Airing weekdays at 7:30 A.M. on

Airing weekdays at 7:30 A.M. on

Did you know more than 15 million Americans live with food allergies? Of them, nearly six million are children under the age of 18. That’s one in every 13 children, or roughly two in every classroom.

Plus, did you know there is a convenient, covered-by-insurance blood test available that can help your doctor diagnose allergies for you?

Joining us on The Balancing Act to discuss all you need to know about allergies is immunologist Dr. Lakiea Wright and a California mother with her son, who is allergic to peanuts, milk, eggs, and sesame.

An allergy is when your immune system reacts to something that’s normally harmless to most people. If you come into contact with a substance that your immune system views as a threat, called an allergen, it responds by releasing a chemical called histamine and other substances. The release of these substances is what causes your allergic reaction.

Just about anything you encounter in your environment can trigger an allergic reaction in someone who is allergic. And while some people may outgrow their existing allergies, new ones could spring up at any time.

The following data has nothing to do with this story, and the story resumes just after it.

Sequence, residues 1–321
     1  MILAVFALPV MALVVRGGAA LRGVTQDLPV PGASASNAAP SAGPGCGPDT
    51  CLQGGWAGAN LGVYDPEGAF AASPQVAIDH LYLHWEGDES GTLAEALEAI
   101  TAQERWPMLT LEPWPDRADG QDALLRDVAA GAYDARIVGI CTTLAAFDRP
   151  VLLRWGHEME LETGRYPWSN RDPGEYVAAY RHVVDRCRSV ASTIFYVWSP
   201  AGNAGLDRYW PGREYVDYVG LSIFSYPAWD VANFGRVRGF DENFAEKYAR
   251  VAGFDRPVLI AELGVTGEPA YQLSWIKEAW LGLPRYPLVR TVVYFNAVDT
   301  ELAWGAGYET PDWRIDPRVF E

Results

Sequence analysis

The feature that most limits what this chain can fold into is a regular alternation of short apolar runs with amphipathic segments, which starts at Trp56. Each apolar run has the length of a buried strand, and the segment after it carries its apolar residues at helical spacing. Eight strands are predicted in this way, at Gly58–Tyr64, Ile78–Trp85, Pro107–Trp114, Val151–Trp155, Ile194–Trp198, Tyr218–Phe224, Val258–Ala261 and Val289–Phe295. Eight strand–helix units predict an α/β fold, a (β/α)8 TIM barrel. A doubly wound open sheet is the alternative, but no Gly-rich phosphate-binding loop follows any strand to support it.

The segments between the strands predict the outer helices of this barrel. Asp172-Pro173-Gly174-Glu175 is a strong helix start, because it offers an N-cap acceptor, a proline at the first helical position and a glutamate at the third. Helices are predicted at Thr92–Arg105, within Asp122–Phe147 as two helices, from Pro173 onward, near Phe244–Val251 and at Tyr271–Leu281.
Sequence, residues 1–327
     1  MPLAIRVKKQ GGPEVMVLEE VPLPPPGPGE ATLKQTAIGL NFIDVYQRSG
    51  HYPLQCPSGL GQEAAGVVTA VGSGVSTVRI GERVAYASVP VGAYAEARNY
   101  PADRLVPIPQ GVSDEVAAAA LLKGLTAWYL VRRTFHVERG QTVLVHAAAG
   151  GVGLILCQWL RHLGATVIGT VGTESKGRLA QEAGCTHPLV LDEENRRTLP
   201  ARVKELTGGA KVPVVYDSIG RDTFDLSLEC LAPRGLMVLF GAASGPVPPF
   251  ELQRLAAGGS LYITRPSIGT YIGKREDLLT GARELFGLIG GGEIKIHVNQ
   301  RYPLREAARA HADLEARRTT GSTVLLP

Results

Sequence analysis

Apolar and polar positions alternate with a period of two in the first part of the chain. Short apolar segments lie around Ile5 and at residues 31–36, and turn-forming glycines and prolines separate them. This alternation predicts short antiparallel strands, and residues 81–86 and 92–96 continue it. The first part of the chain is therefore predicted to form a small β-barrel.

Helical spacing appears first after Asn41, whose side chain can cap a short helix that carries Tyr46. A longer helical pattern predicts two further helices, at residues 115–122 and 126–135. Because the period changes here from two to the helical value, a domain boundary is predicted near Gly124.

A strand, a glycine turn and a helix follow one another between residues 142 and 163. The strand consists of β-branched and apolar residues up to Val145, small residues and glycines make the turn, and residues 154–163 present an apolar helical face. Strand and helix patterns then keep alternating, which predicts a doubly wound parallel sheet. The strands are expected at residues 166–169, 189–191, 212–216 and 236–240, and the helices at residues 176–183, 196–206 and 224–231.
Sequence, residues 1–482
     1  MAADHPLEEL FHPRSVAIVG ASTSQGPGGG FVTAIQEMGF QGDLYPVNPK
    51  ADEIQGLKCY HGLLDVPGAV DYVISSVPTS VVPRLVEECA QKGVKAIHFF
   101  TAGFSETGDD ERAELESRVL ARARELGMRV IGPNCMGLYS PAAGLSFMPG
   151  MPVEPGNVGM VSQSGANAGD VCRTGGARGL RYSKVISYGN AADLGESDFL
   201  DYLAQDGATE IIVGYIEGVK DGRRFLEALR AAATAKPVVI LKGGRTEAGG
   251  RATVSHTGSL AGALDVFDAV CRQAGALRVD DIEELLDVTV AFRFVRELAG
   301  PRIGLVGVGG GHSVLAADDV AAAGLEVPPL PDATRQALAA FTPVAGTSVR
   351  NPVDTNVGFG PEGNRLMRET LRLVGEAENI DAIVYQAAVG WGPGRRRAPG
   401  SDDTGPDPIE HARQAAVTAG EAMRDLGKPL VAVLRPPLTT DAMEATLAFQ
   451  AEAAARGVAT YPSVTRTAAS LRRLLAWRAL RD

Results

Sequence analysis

Sneezing, wheezing and itching – you may think what you’re experiencing is normal. Learn about all the ways your allergies can show up and the common symptoms and triggers associated with them. Recognizing the typical signs is a step towards getting some relief.

That’s where Thermo Fisher Scientific comes in, a leading company that develops, manufactures and distributes innovative blood test systems to aid in the diagnosis and disease management of allergies and more.

Stay tuned as we learn about the signs, symptoms, types, causes, and testing options relating to allergies.

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Behind the Mystery takes a closer look at one of the two types of Polycystic Kidney disease. Autosomal Dominant Polycystic Kidney Disease, or ADPKD, is a rare, genetic condition.

Behind the Mystery takes a closer look at Blastic Plasmacytoid Dendritic Cell Neoplasm, a rare disease that is often misdiagnosed and affects at least 500 to 1,000 patients each year in the U.S.

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